It's not new news: The younger crowd generally prefers to communicate online or via phones whether it's with friends, family, co-workers -- or their real-estate agent.
"It's very much less face-to-face and it's less live conversation," said Matt Skrabo, a 33-year-old third-generation real-estate agent, now at Keller Williams in Palo Alto. "It's more digital communication."
This also means emailing photos and information about potential houses instead of going to see them with Skrabo, he said.
"And that's not a good thing. You're losing that human connection. You're losing the emotions. It's really hard to judge what the client really wants when you're going back and forth on text and email."
Younger clients also communicate rapidly -- and expect their agents to return the same speed.
"I would say (younger buyers) are more universally prone to speed and text conversations," said Michael Dreyfus, who's been a real-estate agent for 24 years and who founded boutique brokerage Dreyfus Properties, with offices in Palo Alto and Menlo Park, in 2000.
"And they're a little bit quicker on the draw in terms of just ... the conversations are more fast and furious. I'm not discounting my older clients, and I am an older person in that regard, but they're more universally that way."
Dreyfus said that regardless of a client's age, he will have an initial conversation off the bat asking how he or she likes to communicate.
"We go to great pains actually to discuss this with our clients because people are so across the board," he said. "It's very important. Some people like phone calls; younger ones don't as much."
Dreyfus also noted that, as the Internet has done with almost every traditional establishment, it's turned the real-estate market's information system on its head. Instead of meeting a Realtor at open houses and getting information there, clients first engage with houses online.
"It's changed the way I sell houses -- the importance of the web, the importance of pictures," Dreyfus said. He said this has pushed him to have ever higher-quality photos available on his website.
"If that's going to be their first impression and everyone makes up their mind in six seconds whether they like or not, that's a big moment in time," he said.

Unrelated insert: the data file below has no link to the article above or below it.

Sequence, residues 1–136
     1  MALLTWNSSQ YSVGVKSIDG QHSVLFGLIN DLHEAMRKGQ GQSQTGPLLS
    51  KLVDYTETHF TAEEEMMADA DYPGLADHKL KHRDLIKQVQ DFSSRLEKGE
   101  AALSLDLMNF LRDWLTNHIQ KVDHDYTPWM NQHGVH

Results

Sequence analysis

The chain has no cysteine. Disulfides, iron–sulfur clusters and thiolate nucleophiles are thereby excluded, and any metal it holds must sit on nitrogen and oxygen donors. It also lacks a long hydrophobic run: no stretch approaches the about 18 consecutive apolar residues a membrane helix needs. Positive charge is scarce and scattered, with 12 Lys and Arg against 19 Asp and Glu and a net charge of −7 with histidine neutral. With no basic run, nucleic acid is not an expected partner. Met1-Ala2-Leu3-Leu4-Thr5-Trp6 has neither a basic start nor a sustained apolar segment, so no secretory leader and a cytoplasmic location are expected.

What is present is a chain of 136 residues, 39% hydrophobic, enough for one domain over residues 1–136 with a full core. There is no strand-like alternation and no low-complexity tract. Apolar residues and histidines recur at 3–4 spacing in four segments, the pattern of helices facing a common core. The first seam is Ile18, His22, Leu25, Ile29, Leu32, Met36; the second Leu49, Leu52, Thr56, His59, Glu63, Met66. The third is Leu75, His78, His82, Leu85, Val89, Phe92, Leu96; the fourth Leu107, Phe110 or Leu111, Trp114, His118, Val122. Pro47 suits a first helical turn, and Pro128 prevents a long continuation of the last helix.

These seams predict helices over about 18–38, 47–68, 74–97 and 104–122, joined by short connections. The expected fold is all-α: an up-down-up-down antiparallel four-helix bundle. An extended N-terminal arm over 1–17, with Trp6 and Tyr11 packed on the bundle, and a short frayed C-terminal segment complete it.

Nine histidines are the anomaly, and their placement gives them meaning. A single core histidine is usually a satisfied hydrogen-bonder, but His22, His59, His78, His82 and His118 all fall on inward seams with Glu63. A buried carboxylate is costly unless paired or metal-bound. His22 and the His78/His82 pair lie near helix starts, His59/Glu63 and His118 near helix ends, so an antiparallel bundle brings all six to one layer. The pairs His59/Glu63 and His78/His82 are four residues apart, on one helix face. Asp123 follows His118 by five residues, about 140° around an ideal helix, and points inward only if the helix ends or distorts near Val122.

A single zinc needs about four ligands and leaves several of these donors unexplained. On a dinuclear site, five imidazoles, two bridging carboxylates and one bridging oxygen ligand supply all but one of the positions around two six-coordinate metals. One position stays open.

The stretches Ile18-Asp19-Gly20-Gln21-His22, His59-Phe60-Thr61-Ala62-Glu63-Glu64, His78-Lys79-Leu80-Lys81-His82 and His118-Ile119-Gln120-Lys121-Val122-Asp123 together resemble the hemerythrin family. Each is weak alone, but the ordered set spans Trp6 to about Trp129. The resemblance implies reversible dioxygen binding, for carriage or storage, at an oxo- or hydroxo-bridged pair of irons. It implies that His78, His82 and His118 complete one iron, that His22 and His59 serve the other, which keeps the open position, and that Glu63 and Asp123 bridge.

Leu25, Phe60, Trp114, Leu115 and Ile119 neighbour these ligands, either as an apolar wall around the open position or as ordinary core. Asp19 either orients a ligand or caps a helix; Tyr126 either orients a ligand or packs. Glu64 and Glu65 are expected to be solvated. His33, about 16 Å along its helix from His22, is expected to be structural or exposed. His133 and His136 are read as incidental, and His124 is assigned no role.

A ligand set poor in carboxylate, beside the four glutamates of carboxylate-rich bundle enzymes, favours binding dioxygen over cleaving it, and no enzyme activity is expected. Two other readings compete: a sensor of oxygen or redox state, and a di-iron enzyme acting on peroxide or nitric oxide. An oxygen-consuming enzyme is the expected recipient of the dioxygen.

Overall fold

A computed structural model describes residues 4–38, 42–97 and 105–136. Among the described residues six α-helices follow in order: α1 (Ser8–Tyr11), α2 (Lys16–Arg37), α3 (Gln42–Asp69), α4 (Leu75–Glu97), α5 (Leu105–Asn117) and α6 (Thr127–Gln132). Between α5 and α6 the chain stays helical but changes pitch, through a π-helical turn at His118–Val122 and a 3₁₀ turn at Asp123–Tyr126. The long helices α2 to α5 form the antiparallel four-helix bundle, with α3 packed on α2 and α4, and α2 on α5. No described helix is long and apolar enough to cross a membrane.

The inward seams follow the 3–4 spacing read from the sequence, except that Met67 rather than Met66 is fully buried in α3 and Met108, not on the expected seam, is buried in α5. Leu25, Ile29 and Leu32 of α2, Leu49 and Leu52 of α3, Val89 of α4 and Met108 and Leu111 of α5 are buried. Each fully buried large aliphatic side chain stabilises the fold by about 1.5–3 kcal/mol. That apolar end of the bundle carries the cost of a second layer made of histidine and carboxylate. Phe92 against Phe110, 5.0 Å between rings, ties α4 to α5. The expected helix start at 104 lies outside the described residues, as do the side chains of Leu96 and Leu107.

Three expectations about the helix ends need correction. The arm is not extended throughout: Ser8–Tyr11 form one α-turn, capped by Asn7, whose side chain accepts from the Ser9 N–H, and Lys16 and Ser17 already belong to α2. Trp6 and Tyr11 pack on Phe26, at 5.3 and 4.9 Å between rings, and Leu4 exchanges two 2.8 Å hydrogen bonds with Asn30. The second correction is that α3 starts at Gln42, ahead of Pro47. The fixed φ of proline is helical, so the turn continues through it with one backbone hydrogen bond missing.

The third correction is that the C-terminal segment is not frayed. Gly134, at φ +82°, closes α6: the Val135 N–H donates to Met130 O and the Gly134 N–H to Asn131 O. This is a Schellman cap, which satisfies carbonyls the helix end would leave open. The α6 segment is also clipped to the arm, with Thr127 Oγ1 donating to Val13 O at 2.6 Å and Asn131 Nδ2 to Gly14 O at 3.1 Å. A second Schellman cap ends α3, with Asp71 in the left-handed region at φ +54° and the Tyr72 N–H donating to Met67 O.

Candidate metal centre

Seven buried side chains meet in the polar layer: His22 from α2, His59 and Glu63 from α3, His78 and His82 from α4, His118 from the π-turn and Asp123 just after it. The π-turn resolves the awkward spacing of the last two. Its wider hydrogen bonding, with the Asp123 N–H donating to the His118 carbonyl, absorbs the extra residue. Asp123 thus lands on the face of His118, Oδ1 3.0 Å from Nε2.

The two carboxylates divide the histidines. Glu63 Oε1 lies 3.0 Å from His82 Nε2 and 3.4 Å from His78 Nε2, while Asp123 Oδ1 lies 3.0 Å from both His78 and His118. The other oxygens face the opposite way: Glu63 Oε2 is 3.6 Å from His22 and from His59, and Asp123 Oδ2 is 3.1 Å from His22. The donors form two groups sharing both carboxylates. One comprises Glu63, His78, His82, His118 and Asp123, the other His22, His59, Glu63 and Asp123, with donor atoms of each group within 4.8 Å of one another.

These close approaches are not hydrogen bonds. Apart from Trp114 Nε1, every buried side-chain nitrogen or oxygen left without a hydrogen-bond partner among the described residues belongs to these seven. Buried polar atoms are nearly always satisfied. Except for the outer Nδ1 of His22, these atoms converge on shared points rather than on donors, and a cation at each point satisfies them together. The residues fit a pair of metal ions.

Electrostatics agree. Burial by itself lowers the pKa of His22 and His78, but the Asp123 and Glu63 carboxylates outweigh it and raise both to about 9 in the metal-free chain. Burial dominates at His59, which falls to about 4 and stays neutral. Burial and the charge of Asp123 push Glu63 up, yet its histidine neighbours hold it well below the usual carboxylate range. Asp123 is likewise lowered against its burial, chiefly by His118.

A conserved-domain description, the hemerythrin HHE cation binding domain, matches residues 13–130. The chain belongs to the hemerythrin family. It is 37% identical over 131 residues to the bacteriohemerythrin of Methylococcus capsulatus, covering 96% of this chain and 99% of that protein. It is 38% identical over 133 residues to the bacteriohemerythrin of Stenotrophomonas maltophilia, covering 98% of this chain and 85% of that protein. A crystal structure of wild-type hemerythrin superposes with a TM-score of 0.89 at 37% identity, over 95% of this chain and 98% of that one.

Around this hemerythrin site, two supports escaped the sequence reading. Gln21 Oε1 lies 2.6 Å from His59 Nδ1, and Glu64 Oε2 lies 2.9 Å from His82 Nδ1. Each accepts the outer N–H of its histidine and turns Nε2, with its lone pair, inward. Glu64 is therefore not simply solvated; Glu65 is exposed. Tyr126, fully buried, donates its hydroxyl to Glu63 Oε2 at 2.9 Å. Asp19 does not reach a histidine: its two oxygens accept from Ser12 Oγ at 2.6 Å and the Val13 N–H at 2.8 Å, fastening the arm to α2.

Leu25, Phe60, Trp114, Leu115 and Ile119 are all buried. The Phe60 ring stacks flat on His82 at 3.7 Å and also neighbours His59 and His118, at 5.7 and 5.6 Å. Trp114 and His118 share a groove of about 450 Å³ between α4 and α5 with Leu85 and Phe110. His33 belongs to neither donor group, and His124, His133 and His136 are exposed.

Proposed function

Skrabo said an increasing lack of in-person engagement with younger clients makes it difficult for him to discern what they really want in a home, and both parties end up frustrated when the desired results aren't produced. It doesn't necessarily help that he's a younger agent who, in theory, could better relate to younger buyers and be more comfortable with their preferred modes of communication.
Skrabo said he's decided to cut his losses and focus on a fewer pool of clients -- those he knows are the "right" people to work with.
"If you're working with the wrong clients, the deal will never happen," he said. "That seems obvious, but you can get lost in the minutiae of all of it. How are they communicating with you? Are they really understanding of where they want to buy and what they want to buy?"
Older agents said they feel they might actually have a competitive edge with younger buyers who, in today's challenging housing market, want someone they can trust, who's well established with solid experience.
"Young buyers in this overheated, extremely scarce inventory, highly competitive market -- I think that they know they need someone experienced like us," said Steve TenBroeck of Alain Pinel Realtors. TenBroeck is 67 years old, has been a real-estate agent for more than 25 years, and not only grew up in the area, but he raised a family here.
"I find with my younger buyers, I enjoy and I think they get a lot of benefit out of me being able to paint their future a little bit for them," Dreyfus said. "I had kids in the schools. ... I was in a house where my kids grew up, and I got to watch how our house changed and what we did. I think it brings some more information to them that a younger buyer won't have."
Others, however, say it's not necessarily all about age.
"It's so much a personal connection," Lucy Berman, an agent with Dreyfus Sotheby's International Realty who has been a Palo Alto resident since 1984, said about the client-buyer relationship. "I think it's less about age and more about whether you click. If you're going into this process, you have to be comfortable. If there's an age differential, I think that's less relevant than that everybody feels they understand each other and that it's a positive relationship."
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